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Think Twice Before Accepting A Doctor's Hernia Mesh Recommendation

Of all of the defective medical devices being rushed to market, none has a higher rate of failure than the hernia repair patch

Friday, November 9, 2018 - A hernia is a relatively painless protrusion of the intestines through the section of the body that was designed to contain them. According to hernia authority, "The most common types of a hernia are inguinal (inner groin), incisional (resulting from an incision), femoral (outer groin), umbilical (belly button), and hiatal (upper stomach). In an inguinal hernia, the intestine or the bladder protrudes through the abdominal wall or into the inguinal canal in the groin." Over one million hernia repair surgeries are performed every year. About 80% of all hernia surgeries are to repair inguinal hernias.

Ethical physicians, most of them traditional surgeons, may advise their hernia patients to wait and see and not to rush into surgery if the patient is not in pain. Other doctors, however, particularly those on the payroll of medical device manufacturer that produce and market the hernia mesh repair device, tend to lean towards surgically repairing any and all hernias immediately citing the fact that a hernia will never get better on its own. Doctors can charge at least twice the fee for admitting the patient to the hospital and using a hernia mesh device. In spite of multi-million dollar sales, Johnson & Johnson chose to voluntarily recall its Physiomesh hernia repair mesh due to the high number of revision surgeries. If you are not in immediate pain and you feel that your doctor is rushing you into hernia repair surgery using a hernia mesh medical device, you may be right in questioning his or her judgment and get a second opinion.

Hernia surgery has always been a serious yet routine form of surgical procedure and perfect for modern laparoscopic technology. Repairing hernias using traditional sutures has worked well for decades until a company invented and brought to market a device called hernia repair mesh. Hernia repair mesh is a strong yet flexible plastic mesh resembling what a person would use to repair a hole in a screen door. The mesh can be cut and trimmed to fit the individual needs of each patient. Physicians are told that using the hernia repair mesh will reinforce the area in the abdomen, umbilical cord, or site of a previous surgery where a hernia occurred. Hernia repair mesh is failing, however, in record numbers, causing patients crippling pain, and necessitating surgical removal. Hernia repair meshes made of polypropylene may be attacked by the body's natural immune system and degrade over time. Polypropylene hernia repair meshes tend to shrink and harden forming sharp edges that cause pain. Hernia repair mesh can cause infections and become detached from the area of a hernia and migrate to the lower intestines where it may cause life-threatening blockages. Some surgeons that perform hernia revision surgery have reported having to remove a section of a patient's lower intestine where the hernia mesh device perforated.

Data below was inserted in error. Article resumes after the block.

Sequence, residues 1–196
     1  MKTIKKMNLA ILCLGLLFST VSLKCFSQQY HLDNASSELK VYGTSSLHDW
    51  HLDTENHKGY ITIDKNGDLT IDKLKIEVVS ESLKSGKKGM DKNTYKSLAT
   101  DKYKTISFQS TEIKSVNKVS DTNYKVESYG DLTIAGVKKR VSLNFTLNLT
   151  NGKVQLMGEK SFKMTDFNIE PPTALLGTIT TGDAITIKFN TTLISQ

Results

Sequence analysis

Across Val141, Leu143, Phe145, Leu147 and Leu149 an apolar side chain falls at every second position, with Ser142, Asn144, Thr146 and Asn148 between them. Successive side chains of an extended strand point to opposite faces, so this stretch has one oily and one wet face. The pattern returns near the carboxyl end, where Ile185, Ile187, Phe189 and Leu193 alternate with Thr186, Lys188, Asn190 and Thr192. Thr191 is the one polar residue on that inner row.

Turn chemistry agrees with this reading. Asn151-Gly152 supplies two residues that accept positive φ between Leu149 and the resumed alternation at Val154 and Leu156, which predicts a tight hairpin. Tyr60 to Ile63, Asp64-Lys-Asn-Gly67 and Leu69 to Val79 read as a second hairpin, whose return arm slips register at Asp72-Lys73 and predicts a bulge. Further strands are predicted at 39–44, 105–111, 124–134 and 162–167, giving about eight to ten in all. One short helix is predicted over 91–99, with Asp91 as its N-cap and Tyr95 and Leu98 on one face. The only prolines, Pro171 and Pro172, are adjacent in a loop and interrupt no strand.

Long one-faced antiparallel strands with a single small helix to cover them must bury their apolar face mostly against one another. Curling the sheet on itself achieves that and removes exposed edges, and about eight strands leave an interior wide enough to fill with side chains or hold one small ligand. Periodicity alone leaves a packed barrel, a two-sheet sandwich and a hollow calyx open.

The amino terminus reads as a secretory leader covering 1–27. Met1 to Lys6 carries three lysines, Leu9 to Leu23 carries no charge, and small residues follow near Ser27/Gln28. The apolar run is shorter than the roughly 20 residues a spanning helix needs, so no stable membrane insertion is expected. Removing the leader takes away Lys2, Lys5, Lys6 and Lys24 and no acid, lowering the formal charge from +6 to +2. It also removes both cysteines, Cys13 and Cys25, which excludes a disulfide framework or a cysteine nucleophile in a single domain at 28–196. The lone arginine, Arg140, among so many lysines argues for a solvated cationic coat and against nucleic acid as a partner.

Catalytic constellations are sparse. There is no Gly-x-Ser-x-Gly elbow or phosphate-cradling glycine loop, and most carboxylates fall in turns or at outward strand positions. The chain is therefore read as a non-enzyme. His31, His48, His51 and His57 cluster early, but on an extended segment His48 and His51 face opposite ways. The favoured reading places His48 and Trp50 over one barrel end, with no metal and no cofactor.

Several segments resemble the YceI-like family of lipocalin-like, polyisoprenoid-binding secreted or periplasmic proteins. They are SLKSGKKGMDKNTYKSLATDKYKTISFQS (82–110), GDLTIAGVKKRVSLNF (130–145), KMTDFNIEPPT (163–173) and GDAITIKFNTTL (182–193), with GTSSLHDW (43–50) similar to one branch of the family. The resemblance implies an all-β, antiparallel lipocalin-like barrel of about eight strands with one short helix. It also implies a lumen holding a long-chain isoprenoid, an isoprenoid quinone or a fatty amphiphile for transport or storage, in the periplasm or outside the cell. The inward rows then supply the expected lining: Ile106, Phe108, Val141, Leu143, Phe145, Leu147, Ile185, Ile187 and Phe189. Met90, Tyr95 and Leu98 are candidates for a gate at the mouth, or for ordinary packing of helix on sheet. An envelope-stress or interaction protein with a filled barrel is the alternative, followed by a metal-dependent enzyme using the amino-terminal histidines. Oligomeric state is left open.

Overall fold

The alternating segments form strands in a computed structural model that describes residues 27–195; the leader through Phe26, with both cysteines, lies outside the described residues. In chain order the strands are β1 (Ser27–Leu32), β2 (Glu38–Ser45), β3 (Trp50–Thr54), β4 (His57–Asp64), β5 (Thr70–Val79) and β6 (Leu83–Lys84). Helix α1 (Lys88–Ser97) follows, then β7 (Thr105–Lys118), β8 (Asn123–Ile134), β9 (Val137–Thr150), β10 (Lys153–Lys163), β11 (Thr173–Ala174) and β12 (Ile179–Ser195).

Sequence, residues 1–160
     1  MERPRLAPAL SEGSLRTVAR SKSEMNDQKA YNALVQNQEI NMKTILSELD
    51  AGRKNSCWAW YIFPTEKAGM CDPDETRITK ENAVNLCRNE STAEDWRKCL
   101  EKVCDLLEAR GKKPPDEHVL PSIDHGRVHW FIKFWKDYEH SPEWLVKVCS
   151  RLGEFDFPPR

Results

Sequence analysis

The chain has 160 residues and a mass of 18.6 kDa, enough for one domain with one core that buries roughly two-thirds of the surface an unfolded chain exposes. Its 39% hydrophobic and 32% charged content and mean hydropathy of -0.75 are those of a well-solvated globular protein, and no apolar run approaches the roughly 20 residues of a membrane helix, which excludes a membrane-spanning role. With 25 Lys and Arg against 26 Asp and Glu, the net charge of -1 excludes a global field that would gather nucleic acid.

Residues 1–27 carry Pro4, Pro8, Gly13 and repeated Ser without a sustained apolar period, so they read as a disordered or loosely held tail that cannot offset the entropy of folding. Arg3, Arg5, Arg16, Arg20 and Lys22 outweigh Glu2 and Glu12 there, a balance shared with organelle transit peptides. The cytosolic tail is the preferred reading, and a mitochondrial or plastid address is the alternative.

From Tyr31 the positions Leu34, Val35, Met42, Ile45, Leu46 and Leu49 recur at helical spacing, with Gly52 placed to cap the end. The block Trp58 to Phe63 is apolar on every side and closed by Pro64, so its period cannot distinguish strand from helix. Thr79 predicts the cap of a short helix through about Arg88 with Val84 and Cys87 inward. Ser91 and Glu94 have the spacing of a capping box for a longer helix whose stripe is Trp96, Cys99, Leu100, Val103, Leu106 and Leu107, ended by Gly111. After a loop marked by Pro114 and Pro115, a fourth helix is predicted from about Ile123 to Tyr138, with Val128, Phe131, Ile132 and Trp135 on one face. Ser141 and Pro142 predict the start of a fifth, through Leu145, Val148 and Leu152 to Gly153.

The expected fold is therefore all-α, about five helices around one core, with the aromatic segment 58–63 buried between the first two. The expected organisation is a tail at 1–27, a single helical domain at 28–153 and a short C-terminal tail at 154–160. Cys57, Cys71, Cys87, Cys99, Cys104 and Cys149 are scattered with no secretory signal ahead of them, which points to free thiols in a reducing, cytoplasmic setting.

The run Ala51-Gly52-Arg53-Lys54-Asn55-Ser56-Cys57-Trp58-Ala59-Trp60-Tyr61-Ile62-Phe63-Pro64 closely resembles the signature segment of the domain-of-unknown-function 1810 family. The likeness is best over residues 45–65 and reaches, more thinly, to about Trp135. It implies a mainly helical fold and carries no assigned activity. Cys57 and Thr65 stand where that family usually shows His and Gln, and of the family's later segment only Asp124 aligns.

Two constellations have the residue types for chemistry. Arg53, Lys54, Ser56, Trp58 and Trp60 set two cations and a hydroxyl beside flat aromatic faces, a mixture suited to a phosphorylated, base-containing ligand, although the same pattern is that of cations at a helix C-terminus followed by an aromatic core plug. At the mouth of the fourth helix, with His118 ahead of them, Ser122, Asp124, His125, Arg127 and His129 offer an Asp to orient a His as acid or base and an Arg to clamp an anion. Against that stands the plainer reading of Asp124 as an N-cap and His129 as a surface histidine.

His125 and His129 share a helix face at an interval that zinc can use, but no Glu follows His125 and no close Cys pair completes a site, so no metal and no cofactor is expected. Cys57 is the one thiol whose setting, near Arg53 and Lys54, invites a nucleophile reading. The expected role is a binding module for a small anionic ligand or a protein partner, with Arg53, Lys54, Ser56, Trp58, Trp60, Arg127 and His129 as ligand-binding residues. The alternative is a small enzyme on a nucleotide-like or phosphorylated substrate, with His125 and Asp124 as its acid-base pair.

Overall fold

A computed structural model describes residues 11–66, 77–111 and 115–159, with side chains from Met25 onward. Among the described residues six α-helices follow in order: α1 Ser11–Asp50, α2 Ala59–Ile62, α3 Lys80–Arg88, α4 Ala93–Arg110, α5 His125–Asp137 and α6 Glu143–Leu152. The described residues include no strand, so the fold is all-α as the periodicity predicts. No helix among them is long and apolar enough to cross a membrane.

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OnderLaw, LLC is a St. Louis personal injury law firm handling serious injury and death claims across the country. Its mission is the pursuit of justice, no matter how complex the case or strenuous the effort. OnderLaw has represented clients throughout the United States in pharmaceutical and medical device litigation such as Pradaxa, Lexapro and Yasmin/Yaz, where the firm's attorneys held significant leadership roles in the litigation, as well as Actos, DePuy, Risperdal and others. OnderLaw has won more than $300 million in four talcum powder ovarian cancer lawsuits in St. Louis. Law firms throughout the nation often seek its experience and expertise on complex litigation.